The “State of Ebooks” panel at Worldcon 75 was one of the smaller but more eagerly followed panels at the con, with almost every seat taken.
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Irene Vartanoff became a convert to ebooks and self-publishing, she said, due to the portability of ebooks, and the economics and lead times of self-publishing, which underlined that writers no longer needed to wait around for traditional publishers. Nielsen Hayden recalled the early experimental days of ebook publishing in the late 1990s as a time when people joked about the huge number of man-hours of meetings spent on the medium compared to the few dollars of profit. “Things have changed since then.”
For piracy and DRM, Nielsen Hayden said that Tor has seen no loss of sales or business since it went fully DRM-free. He cited Bain Books’s policy of keeping books DRM free, and piracy as essentially a tolerable cost-of-doing-business. And if a show of (clapping) hands from the audience is any proof, the argument over DRM just isn’t an argument any more. No one wants DRM. When someone from the floor asked why publishers still insist on DRM, Nielsen Hayden said: “you’re asking the wrong publisher.”
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Nonetheless, publishers have come round to ebooks. “Publishers like them. They have fewer materials costs,” said Nielsen Hayden, though he also pointed out, “they’re not free to make; they’re certainly not free to make well.” And he maintained that books should still come out, and remain core to the business, while “to do something in e only is going to bring a kind of stigma.” Self-publishers of ebooks only, however, can still succeed, especially those writing in “a narrow but intense niche,” instancing “narrowly defined romance tastes… that appeal to a few people, but to those, it appeals a lot.”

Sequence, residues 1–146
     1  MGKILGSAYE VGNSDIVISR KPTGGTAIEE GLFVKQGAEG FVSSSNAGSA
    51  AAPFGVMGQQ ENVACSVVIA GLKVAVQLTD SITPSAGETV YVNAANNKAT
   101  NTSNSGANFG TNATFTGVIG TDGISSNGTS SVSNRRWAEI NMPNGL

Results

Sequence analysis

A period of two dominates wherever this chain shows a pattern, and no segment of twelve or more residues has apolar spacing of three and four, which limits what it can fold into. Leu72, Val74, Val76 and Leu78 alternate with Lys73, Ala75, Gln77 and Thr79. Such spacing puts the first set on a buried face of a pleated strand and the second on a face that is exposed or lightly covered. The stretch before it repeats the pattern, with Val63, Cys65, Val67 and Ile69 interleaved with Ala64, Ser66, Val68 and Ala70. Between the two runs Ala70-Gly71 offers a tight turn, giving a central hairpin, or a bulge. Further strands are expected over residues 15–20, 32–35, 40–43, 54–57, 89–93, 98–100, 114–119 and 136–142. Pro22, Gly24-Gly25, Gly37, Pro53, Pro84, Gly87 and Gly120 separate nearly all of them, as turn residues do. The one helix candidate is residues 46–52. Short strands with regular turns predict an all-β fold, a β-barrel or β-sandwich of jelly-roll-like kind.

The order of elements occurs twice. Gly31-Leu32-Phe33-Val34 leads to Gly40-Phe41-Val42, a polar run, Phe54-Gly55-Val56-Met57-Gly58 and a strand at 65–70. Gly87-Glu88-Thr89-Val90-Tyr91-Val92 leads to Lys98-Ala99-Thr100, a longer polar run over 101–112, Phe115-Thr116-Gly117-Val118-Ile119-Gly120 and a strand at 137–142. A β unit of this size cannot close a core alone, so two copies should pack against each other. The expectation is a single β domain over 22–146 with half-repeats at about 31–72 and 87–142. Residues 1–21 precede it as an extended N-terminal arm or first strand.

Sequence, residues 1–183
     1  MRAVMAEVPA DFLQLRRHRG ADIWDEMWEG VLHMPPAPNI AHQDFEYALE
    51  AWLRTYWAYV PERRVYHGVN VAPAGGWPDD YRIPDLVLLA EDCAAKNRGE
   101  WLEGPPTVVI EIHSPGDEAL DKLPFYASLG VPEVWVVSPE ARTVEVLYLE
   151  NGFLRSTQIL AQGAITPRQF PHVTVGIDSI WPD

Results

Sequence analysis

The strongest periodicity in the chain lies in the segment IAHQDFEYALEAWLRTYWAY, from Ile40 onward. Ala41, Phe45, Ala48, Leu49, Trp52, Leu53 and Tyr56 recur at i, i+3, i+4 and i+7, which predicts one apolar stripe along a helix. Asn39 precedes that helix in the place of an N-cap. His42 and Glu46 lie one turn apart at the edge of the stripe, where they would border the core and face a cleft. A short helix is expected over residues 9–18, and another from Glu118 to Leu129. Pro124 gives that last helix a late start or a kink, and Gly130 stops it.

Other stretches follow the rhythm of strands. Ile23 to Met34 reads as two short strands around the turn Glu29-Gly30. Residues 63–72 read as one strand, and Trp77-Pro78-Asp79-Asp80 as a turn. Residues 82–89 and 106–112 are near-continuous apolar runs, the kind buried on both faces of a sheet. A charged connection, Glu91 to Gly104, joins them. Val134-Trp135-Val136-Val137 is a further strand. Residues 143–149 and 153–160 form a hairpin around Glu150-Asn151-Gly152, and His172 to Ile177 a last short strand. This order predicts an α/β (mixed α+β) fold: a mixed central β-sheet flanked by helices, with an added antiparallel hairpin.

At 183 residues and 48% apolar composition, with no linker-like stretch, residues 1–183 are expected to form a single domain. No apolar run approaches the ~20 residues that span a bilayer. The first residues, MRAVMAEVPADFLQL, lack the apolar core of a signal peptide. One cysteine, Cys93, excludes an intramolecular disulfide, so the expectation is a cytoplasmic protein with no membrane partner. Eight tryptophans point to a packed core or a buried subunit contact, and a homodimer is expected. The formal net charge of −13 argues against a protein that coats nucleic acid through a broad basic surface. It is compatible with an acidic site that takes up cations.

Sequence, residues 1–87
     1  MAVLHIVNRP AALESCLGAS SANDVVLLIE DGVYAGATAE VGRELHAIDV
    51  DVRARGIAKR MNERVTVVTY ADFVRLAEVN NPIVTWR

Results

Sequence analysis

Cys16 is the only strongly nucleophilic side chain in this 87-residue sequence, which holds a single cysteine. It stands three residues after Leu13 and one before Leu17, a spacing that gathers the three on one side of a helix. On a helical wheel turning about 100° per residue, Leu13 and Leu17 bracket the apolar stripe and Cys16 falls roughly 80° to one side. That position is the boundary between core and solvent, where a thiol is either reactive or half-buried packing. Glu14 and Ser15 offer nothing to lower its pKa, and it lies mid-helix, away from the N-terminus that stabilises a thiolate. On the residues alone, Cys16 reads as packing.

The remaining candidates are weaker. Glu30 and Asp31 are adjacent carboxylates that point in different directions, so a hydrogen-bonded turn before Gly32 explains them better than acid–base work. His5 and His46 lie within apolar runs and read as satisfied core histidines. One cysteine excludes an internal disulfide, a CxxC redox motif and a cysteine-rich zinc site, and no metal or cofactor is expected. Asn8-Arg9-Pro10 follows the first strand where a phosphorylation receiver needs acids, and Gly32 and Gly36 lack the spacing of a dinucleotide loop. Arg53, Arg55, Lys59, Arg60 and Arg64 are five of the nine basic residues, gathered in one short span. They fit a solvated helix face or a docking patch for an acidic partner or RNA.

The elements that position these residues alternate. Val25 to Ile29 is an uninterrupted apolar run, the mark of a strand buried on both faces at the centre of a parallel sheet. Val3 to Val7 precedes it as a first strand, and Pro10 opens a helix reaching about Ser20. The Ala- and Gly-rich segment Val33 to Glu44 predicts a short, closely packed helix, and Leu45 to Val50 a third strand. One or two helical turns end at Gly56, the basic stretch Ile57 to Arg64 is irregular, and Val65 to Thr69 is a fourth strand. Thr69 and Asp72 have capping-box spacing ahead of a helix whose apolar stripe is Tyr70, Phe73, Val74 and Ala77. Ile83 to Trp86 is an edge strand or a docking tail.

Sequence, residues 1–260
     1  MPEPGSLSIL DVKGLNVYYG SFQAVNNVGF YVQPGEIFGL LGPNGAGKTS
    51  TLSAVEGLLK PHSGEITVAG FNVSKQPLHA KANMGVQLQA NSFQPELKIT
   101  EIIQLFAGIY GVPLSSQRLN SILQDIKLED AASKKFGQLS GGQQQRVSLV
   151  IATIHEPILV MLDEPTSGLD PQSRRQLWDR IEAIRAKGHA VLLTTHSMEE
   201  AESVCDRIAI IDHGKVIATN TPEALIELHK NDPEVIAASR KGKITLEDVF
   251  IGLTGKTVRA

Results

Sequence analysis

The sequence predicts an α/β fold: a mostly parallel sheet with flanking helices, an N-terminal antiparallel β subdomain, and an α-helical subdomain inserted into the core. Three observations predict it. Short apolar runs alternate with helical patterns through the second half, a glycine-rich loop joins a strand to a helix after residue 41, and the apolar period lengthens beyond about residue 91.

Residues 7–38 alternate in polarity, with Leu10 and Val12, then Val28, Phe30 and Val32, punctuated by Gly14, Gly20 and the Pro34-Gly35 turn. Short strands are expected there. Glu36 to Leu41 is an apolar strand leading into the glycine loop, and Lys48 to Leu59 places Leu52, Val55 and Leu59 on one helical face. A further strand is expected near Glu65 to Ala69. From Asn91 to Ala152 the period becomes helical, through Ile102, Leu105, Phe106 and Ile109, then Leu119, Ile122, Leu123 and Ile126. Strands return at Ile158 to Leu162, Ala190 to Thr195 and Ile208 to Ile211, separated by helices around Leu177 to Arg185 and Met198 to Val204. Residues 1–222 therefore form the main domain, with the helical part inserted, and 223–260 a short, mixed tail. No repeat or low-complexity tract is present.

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One strong argument for continued quality print publication everyone buys into is avoiding obsolescence of formats. Nielsen Hayden noted that a book published around 1600 could be dropped into the sea, left for hundreds of years, retrieved, and would still be readable.
Link to the rest at TeleRead
“One strong argument for continued quality print publication everyone buys into is avoiding obsolescence of formats.”
PG suggests obsolescence of traditional publishers is a much more likely issue.